could be heard west of Omdurman at around 4 p.m. The main JEM targets appeared

to be Arba’een Road (near the Omdurman military base) and Al-Awsat police station,

in the town’s center, where JEM stole police vehicles. JEM forces engaged with

government forces in several districts including the main market of Souq Libya (Libya

market) and residential areas of Umbada, Al-Thoura and Al-Muhandiseen.

1 Human Rights Watch confidential interview, May 17, 2008.

Opheera McDoom, “Darfur rebels, Sudanese army clash near Khartoum,” Reuters, May 10, 2008,

http://in.reuters.com/article/worldNews/idINIndia-33511520080510?pageNumber=2&virtualBrandChannel=0&sp=true,

(accessed June 15, 2008).

2 “Sudanese army steps up security in the capital,” Sudan Tribune, May 10, 2008,

http://sudantribune.com/spip.php?article27069, (accessed May 10, 2008).

3 Human Rights Watch confidential interview, May 27, 2008.

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Human Rights Watch June 2008


Government forces immediately deployed troops, backed up by tanks and helicopter

gunships, to Omdurman. Heavy fighting continued for several hours including in the

markets of Al-Souq Al-Sha’bi (Popular market) and Souq Libya in Omdurman. At

around 5 p.m. some of the JEM forces started to move towards Al Ingaz Bridge to

cross the White Nile from Omdurman to Khartoum in an apparent bid to take over the

presidential palace. Another JEM force headed towards the National Radio and

Television building in Omdurman. Both attempts were repelled by government forces.

Sporadic fighting continued for the next 48 hours spreading to Khartoum’s Al-Souq

Al-Arabi (Arabic market), Al-G’abat district and Al-Huria Street in central Khartoum.

According to government statements some of the rebels infiltrated the capital and

entered residential area wearing civilian clothes. In state television announcement

they called on local residents to call a special hotline if they see anyone suspicious

in their area. 4 A reward of US$125,000 was also announced in state television

asking the public to call a special hotline for information leading to the JEM leader’s

capture, which was later doubled to US$250,000. 5 Almost immediately after the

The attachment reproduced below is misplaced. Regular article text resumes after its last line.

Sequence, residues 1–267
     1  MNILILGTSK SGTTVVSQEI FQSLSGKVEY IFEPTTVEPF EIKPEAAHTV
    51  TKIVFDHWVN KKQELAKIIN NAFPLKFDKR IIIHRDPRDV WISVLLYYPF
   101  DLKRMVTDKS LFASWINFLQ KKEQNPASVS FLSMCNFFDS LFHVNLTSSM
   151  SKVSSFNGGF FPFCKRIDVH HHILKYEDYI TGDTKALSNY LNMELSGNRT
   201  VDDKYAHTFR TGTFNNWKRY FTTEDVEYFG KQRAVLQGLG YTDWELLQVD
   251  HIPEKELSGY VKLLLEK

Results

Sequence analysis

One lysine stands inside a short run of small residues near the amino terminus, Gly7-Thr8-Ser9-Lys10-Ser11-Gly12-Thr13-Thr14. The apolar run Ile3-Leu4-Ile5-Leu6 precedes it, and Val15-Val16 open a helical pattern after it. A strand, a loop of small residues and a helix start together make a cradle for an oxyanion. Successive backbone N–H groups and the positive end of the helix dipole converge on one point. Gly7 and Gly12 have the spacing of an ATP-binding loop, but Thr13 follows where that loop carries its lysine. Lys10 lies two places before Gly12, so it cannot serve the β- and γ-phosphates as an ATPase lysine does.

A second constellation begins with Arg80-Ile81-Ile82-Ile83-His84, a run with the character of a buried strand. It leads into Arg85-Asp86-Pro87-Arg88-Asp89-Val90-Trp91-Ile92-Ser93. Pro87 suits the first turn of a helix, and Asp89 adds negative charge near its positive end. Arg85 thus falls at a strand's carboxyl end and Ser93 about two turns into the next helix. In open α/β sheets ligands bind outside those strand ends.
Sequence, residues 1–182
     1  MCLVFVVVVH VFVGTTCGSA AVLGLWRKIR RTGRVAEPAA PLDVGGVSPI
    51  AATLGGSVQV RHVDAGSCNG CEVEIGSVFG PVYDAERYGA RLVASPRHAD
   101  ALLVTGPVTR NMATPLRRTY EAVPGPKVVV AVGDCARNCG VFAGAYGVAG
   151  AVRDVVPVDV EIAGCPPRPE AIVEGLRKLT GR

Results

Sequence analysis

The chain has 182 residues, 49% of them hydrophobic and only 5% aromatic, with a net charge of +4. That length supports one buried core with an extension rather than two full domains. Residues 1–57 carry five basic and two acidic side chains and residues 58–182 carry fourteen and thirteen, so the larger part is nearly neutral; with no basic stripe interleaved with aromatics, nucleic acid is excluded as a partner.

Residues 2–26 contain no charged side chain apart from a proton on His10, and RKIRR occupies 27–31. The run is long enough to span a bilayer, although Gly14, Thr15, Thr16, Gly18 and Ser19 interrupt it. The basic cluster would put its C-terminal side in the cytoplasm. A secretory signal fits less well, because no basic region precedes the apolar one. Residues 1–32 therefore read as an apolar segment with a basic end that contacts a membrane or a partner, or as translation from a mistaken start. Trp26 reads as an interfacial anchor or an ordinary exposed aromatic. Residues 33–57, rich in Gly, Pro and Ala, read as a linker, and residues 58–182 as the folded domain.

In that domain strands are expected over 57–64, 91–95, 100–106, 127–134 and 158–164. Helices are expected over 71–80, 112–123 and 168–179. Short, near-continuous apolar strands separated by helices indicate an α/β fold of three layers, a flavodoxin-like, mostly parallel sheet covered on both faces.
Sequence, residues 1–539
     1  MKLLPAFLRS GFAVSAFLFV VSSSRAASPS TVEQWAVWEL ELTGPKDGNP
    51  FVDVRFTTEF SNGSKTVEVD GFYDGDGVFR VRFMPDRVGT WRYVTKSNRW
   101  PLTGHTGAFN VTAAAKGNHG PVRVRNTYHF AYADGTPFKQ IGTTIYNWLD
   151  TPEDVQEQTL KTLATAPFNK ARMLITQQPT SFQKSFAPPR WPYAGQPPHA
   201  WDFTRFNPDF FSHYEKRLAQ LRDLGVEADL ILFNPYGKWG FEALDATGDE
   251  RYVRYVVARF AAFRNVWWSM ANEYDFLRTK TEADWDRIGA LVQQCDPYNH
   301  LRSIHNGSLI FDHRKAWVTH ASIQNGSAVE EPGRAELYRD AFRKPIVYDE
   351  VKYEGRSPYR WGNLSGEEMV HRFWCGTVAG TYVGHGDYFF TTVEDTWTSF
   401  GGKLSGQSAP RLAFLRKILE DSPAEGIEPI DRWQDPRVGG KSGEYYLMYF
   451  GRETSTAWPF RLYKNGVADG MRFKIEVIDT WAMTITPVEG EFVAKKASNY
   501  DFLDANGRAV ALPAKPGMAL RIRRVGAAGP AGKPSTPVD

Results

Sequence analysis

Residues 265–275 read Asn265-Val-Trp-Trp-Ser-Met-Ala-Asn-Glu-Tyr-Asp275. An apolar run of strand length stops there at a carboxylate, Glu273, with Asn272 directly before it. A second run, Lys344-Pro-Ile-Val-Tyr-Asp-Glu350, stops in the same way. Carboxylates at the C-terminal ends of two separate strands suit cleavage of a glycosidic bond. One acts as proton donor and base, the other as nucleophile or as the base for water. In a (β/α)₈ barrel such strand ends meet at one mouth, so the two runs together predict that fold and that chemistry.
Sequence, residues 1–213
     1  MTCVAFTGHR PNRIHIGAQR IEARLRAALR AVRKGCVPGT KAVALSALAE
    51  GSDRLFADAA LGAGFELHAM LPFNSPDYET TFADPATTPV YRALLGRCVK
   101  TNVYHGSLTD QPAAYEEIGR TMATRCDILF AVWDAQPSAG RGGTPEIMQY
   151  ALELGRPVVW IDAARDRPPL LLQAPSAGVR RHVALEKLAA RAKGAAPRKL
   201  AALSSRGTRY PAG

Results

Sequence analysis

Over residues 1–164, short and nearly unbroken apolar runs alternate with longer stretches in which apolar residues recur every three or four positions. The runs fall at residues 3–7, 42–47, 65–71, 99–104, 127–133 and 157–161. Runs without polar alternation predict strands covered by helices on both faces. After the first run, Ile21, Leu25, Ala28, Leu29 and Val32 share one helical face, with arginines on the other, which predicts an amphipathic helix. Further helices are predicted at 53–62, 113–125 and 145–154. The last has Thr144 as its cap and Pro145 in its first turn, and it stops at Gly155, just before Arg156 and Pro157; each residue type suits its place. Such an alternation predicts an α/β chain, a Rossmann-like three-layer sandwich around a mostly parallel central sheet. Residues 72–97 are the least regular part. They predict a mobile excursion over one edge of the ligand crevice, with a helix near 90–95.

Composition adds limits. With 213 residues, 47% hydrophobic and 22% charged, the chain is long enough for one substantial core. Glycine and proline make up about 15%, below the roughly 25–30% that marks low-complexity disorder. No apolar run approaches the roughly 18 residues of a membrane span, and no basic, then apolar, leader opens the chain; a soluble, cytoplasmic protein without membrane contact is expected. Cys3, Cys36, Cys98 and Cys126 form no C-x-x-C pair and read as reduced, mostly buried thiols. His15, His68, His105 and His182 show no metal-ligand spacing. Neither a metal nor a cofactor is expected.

attack, mass arrests started to take place across the city, including of members of

the JEM forces.

The fighting in Khartoum rose to the level of a non-international armed conflict under

international humanitarian law (the laws of war). The laws of war do not prohibit

military forces from fighting in urban areas, but parties to a conflict are required to

take all feasible steps to minimize harm to civilians. Prohibited attacks are those

which target civilians, which are indiscriminate, or which would cause civilian harm

disproportionate to the military gain. Although members of rebel forces that engage

in armed attacks against government military forces are not necessarily acting in

violation of the laws of war, they may still be prosecuted for violations of local law.

4 “Sudanese gov't announces crush of Darfur rebel infiltration into capital,” Xinhua, May 10, 2008,

http://news.xinhuanet.com/english/2008-05/11/content_8143528.htm, (accessed May 12, 2008).

5 “Sudan offers 250 pounds mln reward for the arrest of JEM leader,” Sudan Tribune, May 11, 2008,

http://www.sudantribune.com/spip.php?article27090, (accessed June 15, 2008).

Khartoum pursues Khalil Inbrahim and rights criticism of arrests,” Al Jazeera net, May 13, 2008,

http://aljazeera.net/NR/exeres/6E82CD07-EA12-461F-A5DE-821C217FFFD0.htm, (accessed June 6, 2008).

Crackdown in Khartoum 10


Following the first attack on May 10 Sudanese authorities issued a citywide curfew

from 5 p.m. to 6 a.m. the next morning, which was later extended to 10 a.m. The

curfew remained in place in Omdurman until Monday, May 12.

State television showed a number of bodies scattered in the streets, as well as

interviews with captured combatants who appeared to have been beaten, including

children. 6 Some property was damaged during the attack including a factory and

some residential buildings. Reports from eyewitnesses suggest that more than 60

civilians were killed during the fighting.

In the immediate aftermath of the fighting, the authorities sought to capture

remaining JEM fighters, which at times led to the unnecessary and random use of

lethal police force. A 21-year-old casual worker told Human Rights Watch how he was

injured by police on May 11:

There was a lot of police searching different places in the market

looking for fugitives. In the market there were two people sleeping on

the street, they probably had to stay there because of the curfew the

previous day. At around 8.30 a.m. the [Central Reserve Police] saw

them and started to shoot and the two men just ran for their lives. The

[Central Reserve Police] were shooting randomly from three gunmounted

vehicles (doshkas). They missed the two people they were

trying to shoot, but injured three people including myself. I was shot in

the leg and was then taken to hospital. In the hospital I saw many